Primer on Binding Options

Aug 28, 2012

When it comes to printing, almost as soon as you have more than one piece of paper involved in a project, you need a way to attach them together. This process is known as binding. The best binding choice for a project depends on both appearance and the number of pages involved. Here are some common binding methods.

+ Side stitching is a straightforward binding method. The binder staples pieces of paper together along one edge, and sometimes wraps a cover around the stack and glues it on. They use this technique on some thick magazines. However, with side stitching, you need to make sure you allow a large inside margin, since the paper will not lay flat. At Action Graphics we generally do not side-stitch in favor of the next binding option.

+ Saddle stitching is much like side stitching, except that instead of stapling along one edge, the binder folds large sheets of paper in half and then staples along the centerfold. They often saddle stitch thin magazines and booklets. Unlike side stitching, saddle stitching allows the finished piece to lie flat. Unfortunately, you are limited in the number of sheets of paper that you can bind together. Also, you can’t print on the spine of a saddle-stitched piece.

+ Comb binding involves using a special machine that punches rectangular holes along one edge of the pages. The binder then inserts a plastic comb through the holes, and it curls around to hold the pages together. You have many different comb sizes to choose from. Publishers of large technical manuals often use this binding method because it’s easy to remove or replace pages. The finished piece can lie flat, and depending on the size of the comb, it might be possible to silk-screen spine text on the comb.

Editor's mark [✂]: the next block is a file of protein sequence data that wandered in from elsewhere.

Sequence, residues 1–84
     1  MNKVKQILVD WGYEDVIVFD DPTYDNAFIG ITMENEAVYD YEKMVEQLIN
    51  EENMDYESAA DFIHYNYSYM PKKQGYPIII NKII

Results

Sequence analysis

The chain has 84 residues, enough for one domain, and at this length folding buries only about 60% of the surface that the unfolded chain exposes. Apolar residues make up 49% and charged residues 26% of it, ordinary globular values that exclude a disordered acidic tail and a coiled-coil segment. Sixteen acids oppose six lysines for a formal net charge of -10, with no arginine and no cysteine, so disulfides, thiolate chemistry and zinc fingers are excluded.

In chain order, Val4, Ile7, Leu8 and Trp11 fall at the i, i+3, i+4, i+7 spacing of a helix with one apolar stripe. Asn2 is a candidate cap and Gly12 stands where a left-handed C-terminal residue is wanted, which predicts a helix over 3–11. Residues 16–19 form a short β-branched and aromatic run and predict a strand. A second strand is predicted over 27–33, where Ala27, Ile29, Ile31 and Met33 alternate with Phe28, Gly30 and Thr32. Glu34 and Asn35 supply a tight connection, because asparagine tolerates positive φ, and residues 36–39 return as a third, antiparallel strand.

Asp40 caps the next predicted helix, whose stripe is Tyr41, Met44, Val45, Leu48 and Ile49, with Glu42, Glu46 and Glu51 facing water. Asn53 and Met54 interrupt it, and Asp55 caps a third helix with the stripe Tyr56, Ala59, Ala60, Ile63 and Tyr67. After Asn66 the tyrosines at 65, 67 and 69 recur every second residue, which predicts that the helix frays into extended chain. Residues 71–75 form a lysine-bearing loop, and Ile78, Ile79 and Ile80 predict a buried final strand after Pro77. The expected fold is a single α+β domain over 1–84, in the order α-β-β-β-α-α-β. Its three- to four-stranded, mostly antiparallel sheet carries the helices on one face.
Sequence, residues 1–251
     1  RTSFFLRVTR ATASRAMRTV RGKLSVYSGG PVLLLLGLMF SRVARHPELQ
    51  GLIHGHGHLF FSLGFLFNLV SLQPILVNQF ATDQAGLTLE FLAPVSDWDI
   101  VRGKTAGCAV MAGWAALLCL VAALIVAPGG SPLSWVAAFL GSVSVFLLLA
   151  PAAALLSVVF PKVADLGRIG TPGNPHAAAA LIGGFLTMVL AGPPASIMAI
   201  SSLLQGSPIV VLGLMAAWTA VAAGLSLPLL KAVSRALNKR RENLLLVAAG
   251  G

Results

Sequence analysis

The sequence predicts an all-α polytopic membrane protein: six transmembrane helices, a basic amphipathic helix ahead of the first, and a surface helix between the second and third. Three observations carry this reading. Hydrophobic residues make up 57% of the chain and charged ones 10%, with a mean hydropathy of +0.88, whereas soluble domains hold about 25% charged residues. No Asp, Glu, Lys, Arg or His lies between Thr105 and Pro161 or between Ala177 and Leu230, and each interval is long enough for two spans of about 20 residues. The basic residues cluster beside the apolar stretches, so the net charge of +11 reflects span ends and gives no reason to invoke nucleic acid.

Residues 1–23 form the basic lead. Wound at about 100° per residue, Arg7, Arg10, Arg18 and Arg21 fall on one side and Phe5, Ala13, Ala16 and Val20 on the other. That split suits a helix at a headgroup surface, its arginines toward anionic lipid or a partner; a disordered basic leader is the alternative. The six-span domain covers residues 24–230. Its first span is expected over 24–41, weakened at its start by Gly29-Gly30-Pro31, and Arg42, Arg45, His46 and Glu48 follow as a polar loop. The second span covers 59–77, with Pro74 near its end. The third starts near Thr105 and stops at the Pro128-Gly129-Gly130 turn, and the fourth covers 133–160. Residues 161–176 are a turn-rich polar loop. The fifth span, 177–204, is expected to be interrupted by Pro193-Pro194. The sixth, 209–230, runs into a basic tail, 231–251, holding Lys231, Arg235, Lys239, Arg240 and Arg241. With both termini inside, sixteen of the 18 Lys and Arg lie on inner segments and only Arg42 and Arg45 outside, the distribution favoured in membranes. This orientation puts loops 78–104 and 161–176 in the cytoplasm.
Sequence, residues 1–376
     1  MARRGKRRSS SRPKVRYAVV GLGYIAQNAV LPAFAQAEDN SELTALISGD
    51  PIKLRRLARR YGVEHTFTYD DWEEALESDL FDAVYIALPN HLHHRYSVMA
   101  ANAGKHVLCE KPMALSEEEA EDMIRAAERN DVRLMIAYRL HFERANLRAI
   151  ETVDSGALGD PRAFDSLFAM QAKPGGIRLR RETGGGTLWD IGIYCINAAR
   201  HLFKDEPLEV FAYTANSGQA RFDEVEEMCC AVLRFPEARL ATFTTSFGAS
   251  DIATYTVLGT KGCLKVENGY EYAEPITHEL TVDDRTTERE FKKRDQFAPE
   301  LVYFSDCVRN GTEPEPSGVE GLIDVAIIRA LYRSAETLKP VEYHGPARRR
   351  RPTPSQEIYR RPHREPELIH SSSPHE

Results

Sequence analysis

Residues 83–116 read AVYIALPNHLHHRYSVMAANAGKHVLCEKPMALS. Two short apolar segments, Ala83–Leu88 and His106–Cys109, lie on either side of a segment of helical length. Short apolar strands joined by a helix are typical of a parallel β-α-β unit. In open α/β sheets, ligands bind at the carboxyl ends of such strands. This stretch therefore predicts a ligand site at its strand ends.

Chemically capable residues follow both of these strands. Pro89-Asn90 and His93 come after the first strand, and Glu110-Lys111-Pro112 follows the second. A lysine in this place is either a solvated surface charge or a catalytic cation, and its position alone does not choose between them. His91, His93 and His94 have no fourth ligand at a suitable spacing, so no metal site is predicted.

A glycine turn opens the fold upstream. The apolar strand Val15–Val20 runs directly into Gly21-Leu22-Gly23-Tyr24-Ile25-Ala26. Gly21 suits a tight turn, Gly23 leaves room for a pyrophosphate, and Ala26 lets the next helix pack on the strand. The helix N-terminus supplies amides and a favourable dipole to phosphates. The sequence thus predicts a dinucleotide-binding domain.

+ Wire-O, spiral and plastic coil binding methods all work in basically the same way. In this case, the binder punches circular holes in the edge of the pieces of paper. They then run a wire loop or continuous piece of wire or plastic through the holes to hold the pages together. Like comb binding, 
wire bound pieces lie flat. However, there is no way to add spine text or remove pages.

+ Most people are familiar with case binding and perfect binding because binders use this method for books. Case binding results in a hardcover book, and perfect binding results in a paperback book. In general, case binding is far more durable because the binder sews the pages together and then glues them to the cover, which they make from a board covered with paper or cloth.
 In perfect binding, the binder notches and grinds the pages and then glues them to a cover. To lower costs, sometimes the binder glues the interior of case bound books like a perfect bound book and then sets it into a hardback cover, rather than sewing it.

All of these binding methods vary in cost and durability. Consider the pros and cons of each method carefully and talk to us so you can make an informed decision.

More Insights To Enjoy:

+ A Paper Primer

+ An Ink Primer

+ Fonts of Knowledge

Sign up today to receive future issues of our award-winning newsletters to ensure you receive all of Action’s Insights.

© Action Graphics, 2012. 

Like what you see? Stay in touch!